Trend two: blurred lines
The first generation of indices were representations of whole markets, albeit typically segmented by sector or geography. They allowed investors to see the highs and lows less as direct evidence of manager skill, but instead as the impact of a broad market “beta”. Accordingly, the first phase of growth in passive investing was driven by low-cost vehicles accessing broad markets; the ability to access hard-to-reach emerging and frontier markets also played a significant role.
Nuanced and more controversial dynamics have driven the second phase of growth in passive investing. The arguments justifying market-cap investing remain inescapable, yet real-world results suggested that additional returns could have been reliably generated from certain well-defined biases: for example avoiding the most volatile stocks, or value investing, or focussing on smaller companies, etc. While the academic community continues to argue whether “factors” like momentum are positive (and, if so, why?), the investment landscape quickly adapted to offer products capturing these factors systematically for clients keen to exploit their perceived value. As the first wave of such products gained prominence, further innovation rapidly brought a veritable cornucopia of alternative, indexed investment styles to the market (Table 2).
Twenty years ago, if you wished to invest only in Japanese value stocks with a positive momentum, you did so directly or via a manager. And if you wanted to evaluate the “alpha” generated by that manager, you did so via comparison to a market index. Nowadays, both investment and comparison can be made with reference to an index that captures both those styles – precisely – and in the relevant market segment. The distinction between “active” and “passive” strategies has become blurred, and the discipline of indexation – together with the lack of style drift that an index methodology ensures – has driven demand for lower-cost versions of increasingly sophisticated strategies.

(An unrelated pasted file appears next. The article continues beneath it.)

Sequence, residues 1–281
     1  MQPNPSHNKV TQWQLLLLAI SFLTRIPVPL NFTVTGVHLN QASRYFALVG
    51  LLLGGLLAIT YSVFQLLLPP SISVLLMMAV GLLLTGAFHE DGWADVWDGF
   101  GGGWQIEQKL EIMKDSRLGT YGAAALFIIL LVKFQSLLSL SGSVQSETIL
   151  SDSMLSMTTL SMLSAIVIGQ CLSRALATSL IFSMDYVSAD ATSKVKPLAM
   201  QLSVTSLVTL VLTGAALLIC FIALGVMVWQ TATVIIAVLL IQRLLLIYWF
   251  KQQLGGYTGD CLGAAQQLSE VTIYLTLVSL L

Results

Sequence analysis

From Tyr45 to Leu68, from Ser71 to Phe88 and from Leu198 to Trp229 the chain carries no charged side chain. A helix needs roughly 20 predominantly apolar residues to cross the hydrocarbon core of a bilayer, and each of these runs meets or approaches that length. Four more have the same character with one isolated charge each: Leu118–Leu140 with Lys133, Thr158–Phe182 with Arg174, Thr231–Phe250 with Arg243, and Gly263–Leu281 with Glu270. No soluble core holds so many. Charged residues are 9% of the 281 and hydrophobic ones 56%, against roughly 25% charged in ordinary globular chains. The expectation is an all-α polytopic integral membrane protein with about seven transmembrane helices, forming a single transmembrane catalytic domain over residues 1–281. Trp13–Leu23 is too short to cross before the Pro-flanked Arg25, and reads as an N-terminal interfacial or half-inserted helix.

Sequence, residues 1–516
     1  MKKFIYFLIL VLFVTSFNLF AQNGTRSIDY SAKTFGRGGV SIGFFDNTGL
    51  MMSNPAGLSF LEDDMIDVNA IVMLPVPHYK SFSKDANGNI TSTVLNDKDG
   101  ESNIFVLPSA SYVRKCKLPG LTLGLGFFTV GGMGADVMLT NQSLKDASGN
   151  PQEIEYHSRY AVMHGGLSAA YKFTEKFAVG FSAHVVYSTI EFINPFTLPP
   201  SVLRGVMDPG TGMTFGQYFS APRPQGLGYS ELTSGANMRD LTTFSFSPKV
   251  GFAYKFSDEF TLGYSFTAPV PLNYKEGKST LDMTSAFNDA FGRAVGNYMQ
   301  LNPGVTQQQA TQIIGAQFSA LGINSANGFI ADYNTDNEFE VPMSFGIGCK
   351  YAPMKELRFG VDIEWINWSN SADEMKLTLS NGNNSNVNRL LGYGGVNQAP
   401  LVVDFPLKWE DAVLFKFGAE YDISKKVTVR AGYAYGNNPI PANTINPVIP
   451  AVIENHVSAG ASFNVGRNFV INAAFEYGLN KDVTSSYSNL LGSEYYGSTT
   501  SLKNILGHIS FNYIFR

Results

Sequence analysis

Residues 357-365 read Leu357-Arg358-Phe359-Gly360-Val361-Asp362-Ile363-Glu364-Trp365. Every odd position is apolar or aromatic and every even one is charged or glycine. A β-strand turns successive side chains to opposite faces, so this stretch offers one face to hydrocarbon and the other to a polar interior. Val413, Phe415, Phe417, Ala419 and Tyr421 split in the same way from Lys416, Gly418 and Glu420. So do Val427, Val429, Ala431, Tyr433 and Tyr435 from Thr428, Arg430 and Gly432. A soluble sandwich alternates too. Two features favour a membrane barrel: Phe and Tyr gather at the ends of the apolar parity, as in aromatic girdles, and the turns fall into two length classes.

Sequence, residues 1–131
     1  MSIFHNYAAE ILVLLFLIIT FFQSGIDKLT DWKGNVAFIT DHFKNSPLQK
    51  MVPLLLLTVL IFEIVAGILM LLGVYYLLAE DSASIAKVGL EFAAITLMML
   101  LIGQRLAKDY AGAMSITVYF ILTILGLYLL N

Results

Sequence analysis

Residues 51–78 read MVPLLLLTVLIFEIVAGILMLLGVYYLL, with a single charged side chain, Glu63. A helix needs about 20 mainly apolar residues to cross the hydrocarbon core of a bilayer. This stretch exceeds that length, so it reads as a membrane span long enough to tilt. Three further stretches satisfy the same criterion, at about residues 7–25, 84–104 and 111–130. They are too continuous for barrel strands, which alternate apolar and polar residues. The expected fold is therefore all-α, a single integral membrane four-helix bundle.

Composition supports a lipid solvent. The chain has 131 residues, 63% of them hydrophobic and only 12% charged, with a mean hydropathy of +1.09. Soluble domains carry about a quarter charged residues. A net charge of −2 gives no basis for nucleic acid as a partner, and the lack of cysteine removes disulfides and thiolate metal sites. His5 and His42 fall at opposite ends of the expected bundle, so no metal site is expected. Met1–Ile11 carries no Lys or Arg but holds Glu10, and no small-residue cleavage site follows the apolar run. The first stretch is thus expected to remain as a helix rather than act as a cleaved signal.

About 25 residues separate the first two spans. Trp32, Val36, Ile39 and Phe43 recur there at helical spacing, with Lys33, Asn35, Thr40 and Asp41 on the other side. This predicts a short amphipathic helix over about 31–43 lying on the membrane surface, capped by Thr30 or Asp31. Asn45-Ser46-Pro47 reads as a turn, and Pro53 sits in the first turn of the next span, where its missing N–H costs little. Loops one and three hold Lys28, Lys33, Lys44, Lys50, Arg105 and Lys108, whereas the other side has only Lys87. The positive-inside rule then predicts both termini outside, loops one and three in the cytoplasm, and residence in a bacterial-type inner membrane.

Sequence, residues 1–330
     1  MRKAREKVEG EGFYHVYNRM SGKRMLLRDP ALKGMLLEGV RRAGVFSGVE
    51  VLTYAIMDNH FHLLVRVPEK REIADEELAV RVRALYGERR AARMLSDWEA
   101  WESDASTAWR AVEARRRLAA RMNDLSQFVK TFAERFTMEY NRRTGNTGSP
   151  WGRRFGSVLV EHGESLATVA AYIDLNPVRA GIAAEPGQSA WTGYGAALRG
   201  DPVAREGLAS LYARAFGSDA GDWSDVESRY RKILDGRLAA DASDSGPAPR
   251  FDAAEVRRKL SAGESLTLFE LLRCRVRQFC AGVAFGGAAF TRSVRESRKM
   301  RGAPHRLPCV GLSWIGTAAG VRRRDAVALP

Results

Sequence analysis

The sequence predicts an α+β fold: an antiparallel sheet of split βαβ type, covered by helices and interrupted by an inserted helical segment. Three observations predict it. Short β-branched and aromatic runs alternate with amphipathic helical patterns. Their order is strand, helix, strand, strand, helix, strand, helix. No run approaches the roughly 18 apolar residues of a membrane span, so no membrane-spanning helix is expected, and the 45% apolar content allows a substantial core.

These two trends combine as a movement from a bar belled system with classical index trackers at one end and active management at the other, towards a blend of each. Such dynamics are writ large and explicitly in the recent move by Japan’s public pension fund mentioned earlier. GPIF’s 129 trillion yen (US$1.27 trillion) of assets make it the world’s biggest public-sector investor; in April this year it announced a restructuring of its equity investments. First, a core passive position tracking traditional Japanese equities is being partly replaced with passive replication of indices that also take factors such as return on equity, value or volatility into account. Second, around half of the actively managed portion will be benchmarked by more specific indices; including for example the S&P GIVI Japan index, which combines both low-volatility and value investment styles. As such large institutions lead, many will follow; it is not unreasonable to expect a significant change in the target allocations and outlook from other Japanese pension funds at the very least as a consequence.
Trend three: Asia ETFs
Even the recent lagging growth of index-linked products in Asia has been deeply understated; the Asian market has suffered from comparisons to its Western equivalents. Much as the youngest child remains smaller and less capable than her brothers or sisters in childhood, direct AUM comparisons are misleading. From the end of 2006 to the end of 2013, exchange-traded products in the US grew at a compounded annual growth rate of 15%; those listed in Asia grew by 15%. The compound annual growth rate of global ETFs over the period was 19% (Europe grew slightly faster). And these figures do not account for the fact that many Asian investors are already using US listed ETFs in their portfolios, adoption is probably wider than a naïve interpretation suggests. It all adds up to a picture of benchmarks and investments evolving rapidly and with indices in remarkably robust health.
* Tim Edwards is director, index investment strategy at S&P Dow Jones Indices